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Toxic Fire Retardant Chemical Found in Supermarket Foods

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Published on Thursday, September 2, 2004 by Knight Ridder

Traces of Toxic Chemicals Found in Supermarket Food, Study Says

by Seth Borenstein

WASHINGTON - A wide variety of food in American supermarkets is contaminated
with tiny doses of toxic manmade chemical flame retardants, according to a
new study of everyday groceries released Wednesday.

Samples of grocery stores' fish, pork, duck, turkey, cheese, butter, milk,
chicken, ice cream and eggs were tainted with polybrominated diphenyl
ethers, known as PBDEs, according to a peer-reviewed article in the journal
Environmental Science & Technology.

Because this is a relatively new health concern, no one has studied yet if
PBDEs are harmful to humans and at what levels, the Environmental Protection
Agency's top toxicologist said. However, in animal tests they've harmed the
nervous system, altered hormonal function and changed the development of
reproductive organs. The federal government has ruled that one PBDE in large
doses is a possible human carcinogen.

Wednesday's finding indicates that the group of chemicals - used in
carpeting, electronics and furniture - is getting into people through their
food and remains in the body for several years.

Industry officials said the amounts were too small to worry about.

In the study, scientists found the chemicals in 31 of 32 common and
name-brand groceries in three Dallas stores, which they said should be
typical of most American supermarkets. Only nonfat milk came up clean.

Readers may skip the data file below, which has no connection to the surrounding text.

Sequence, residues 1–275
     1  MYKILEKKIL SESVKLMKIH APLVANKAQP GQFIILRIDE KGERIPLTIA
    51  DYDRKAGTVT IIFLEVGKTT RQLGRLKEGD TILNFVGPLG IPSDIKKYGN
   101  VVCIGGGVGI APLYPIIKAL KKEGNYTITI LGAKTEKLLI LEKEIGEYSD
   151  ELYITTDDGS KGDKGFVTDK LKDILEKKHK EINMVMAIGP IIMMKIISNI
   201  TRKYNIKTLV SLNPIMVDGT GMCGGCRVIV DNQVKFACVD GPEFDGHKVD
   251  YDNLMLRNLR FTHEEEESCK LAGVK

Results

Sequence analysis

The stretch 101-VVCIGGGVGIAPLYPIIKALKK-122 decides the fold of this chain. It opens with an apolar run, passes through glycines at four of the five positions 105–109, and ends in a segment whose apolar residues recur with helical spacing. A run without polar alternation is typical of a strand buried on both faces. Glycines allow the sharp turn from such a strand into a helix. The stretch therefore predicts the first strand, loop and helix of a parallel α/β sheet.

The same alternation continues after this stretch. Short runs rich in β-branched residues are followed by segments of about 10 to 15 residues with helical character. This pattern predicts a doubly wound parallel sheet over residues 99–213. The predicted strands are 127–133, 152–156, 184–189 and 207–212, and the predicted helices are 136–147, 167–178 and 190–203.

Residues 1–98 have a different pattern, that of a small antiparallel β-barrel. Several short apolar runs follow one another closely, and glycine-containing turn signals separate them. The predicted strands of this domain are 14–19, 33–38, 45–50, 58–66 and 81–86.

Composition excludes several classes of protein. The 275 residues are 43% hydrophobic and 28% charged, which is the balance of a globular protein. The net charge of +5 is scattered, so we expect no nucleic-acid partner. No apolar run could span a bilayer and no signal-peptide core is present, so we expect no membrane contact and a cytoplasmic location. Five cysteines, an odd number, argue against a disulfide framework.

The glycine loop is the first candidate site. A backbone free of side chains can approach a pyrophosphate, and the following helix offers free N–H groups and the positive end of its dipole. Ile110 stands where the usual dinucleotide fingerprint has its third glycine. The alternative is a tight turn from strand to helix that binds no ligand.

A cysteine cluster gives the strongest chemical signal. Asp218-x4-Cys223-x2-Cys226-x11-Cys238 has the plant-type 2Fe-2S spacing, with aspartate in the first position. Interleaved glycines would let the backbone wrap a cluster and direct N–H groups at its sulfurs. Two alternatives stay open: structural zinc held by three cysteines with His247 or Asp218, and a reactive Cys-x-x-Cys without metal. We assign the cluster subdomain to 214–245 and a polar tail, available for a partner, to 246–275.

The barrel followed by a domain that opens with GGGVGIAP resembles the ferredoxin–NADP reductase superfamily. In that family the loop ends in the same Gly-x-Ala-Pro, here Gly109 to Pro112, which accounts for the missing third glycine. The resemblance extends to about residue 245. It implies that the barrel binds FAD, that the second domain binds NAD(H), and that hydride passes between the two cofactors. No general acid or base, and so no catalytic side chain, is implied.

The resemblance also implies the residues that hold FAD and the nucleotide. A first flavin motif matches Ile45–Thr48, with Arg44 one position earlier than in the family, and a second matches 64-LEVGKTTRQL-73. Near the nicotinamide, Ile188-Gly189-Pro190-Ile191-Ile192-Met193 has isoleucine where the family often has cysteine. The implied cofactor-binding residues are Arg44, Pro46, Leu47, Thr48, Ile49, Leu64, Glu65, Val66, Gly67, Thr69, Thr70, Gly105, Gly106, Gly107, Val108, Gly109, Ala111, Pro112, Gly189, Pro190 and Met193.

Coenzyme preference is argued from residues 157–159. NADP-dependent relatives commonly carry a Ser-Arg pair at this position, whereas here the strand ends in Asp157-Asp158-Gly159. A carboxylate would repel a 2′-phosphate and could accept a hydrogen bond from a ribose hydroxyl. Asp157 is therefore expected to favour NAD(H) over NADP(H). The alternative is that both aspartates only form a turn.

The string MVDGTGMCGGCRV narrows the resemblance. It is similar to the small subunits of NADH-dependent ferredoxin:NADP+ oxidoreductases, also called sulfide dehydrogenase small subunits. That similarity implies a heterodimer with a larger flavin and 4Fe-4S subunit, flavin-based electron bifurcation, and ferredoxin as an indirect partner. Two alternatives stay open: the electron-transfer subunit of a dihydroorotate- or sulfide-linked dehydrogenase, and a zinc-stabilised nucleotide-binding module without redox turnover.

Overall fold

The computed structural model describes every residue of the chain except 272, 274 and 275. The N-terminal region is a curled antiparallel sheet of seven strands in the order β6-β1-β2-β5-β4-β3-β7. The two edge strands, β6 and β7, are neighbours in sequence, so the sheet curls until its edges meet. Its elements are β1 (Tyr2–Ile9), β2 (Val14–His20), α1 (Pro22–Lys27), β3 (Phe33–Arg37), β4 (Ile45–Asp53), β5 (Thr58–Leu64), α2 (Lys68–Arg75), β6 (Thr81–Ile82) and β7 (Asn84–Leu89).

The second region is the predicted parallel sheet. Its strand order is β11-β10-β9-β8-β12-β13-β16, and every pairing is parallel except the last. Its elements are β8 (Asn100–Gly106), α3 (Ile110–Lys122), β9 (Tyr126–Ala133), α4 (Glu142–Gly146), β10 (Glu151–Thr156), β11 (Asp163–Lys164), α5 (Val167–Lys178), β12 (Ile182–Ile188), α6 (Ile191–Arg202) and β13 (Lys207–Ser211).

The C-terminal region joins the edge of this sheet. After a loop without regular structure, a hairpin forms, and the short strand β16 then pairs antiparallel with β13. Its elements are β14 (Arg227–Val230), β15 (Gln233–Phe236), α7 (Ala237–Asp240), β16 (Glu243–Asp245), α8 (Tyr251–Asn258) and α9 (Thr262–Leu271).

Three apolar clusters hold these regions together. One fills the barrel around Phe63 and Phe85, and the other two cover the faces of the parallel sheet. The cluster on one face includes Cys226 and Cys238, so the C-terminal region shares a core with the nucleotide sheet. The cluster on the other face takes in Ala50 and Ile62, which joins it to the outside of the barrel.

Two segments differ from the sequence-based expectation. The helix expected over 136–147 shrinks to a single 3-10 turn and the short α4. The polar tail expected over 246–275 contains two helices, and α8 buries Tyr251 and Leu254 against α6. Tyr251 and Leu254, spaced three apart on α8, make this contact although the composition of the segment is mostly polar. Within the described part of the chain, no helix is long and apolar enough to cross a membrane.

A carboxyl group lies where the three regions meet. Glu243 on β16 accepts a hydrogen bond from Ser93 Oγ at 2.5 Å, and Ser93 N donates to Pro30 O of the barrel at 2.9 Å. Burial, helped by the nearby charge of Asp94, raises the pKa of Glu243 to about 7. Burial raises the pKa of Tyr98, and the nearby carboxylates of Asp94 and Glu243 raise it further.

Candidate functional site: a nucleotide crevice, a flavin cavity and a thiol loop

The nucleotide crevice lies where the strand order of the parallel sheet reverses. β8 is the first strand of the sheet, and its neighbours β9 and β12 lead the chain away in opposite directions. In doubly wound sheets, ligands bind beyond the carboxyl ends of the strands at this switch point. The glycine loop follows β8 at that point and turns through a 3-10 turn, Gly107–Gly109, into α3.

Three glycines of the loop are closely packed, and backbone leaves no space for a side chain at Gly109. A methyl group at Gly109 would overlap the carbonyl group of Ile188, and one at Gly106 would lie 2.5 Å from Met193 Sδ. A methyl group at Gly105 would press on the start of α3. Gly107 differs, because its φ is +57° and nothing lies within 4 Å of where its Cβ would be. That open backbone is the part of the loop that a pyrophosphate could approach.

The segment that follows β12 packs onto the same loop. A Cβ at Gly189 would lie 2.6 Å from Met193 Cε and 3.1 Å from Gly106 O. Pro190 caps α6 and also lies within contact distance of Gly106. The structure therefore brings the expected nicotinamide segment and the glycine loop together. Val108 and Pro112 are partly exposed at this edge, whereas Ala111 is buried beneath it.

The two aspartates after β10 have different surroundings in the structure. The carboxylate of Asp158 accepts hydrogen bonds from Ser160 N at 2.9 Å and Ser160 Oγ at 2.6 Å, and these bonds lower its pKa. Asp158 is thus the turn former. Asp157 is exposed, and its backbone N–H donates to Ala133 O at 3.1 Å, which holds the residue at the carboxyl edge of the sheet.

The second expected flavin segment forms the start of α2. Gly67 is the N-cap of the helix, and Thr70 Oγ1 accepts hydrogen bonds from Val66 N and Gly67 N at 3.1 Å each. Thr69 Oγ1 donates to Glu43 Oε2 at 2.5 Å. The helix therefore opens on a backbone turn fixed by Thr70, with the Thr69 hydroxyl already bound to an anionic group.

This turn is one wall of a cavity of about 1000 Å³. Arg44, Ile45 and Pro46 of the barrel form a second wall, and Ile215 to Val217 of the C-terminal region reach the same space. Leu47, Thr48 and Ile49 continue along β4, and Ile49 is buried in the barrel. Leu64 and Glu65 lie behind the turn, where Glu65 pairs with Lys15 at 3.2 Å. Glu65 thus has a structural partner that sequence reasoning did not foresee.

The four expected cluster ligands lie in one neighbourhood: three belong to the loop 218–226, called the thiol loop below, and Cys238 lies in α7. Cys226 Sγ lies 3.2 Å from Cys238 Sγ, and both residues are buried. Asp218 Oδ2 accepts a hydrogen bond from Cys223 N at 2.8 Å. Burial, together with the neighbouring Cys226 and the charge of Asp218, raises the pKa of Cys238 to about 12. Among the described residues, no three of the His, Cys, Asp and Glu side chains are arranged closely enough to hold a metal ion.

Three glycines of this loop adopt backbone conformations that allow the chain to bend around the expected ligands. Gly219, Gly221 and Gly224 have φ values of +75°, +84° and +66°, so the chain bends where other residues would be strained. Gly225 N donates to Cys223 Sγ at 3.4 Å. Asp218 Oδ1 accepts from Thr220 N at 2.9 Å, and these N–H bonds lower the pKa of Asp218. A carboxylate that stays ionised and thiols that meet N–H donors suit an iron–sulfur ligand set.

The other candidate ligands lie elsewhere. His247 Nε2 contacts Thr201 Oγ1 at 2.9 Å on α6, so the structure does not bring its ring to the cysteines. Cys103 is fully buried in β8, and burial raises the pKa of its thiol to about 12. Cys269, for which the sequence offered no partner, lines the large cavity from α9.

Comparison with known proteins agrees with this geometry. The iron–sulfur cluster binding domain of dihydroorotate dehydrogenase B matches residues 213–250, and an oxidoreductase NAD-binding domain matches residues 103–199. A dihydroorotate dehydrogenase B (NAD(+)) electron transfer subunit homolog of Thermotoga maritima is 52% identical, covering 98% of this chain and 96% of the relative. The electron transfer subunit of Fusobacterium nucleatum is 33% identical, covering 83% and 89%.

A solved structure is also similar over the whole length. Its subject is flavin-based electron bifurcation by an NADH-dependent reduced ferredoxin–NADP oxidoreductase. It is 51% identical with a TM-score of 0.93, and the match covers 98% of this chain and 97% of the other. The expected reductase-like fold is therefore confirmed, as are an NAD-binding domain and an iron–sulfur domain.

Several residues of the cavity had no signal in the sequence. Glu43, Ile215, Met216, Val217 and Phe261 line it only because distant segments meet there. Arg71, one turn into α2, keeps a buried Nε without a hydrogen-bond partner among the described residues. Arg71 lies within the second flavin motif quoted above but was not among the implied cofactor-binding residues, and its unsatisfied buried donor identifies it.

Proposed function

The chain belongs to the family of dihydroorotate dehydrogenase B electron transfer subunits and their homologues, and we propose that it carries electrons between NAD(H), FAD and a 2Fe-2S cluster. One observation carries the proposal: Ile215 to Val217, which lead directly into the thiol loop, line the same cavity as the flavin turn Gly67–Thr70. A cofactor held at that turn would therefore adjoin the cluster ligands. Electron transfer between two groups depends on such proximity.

Scientists said animal fat was a big factor.

"It's the first documentation that PBDEs are widespread in food that the
American population would eat and that the concentrations in food are high
enough for a chemical like this that it is going to persist in our bodies,"
study co-author Linda Birnbaum said. She's the EPA's director of
experimental toxicology and the president of the Society of Toxicology, a
professional organization of scientists.

The amounts of PBDEs in U.S. groceries were nine to 20 times higher than
those in foods in grocery stores in Spain and Japan, where not as many PBDEs
are used, the study reported. This matched earlier studies of elevated PBDE
levels in human breast milk, which found American amounts 10 to 100 times
higher than elsewhere, said Arnold Schecter, a University of Texas
environmental sciences professor who co-wrote the most recent study.

"We're documenting it at the highest levels in the world in the United
States, everywhere we look," Schecter said.

He said there were no PBDEs in the human body 40 years ago, before use of
the chemicals began.

Birnbaum said, "The fattier the foods, the more PBDEs you'll get."

Because health officials don't know what levels of PBDEs are safe, Birnbaum
recommends that people follow "heart-healthy" diets, which cut down on fats
that store PBDEs and other toxins.

The amounts of PBDEs found in food ranged from 1 part per trillion for
margarine to 3,078 parts per trillion for salmon.

Those levels are "millions of times below acceptable limits," said Peter
O'Toole, the U.S. director of the Bromine Science and Environment Forum,
which represents the three chemical companies that produce these types of
flame retardants. A person would have to eat 80 tons of cheese a day to
ingest enough of one certain type of PBDE to be harmful, he said, basing his
analysis on a National Academy of Sciences risk assessment in 2000 for that
type of PBDE in the textile industry.

Scientists aren't sure how PBDEs get into food. The theory is that
particles escape from carpets, furniture, computers and televisions into the
air. Those particles fall to the ground and into the water, where animals
consume them. PBDE concentrates in fat as it moves up the food chain.
Scientists didn't test vegetables and fruits, but did find PBDEs in a soy
infant formula.

The EPA convinced the two makers of PBDEs in America to stop producing two
troublesome types of the chemicals by next January. But deca-BDE - which the
federal government has linked to cancer - isn't banned because it's so
crucial to fireproofing electronics, Birnbaum said.

The federal government should get rid of deca-BDE, said Jane Houlihan, the
vice president of the Environmental Working Group, a Washington activist

© 2004 Knight Ridder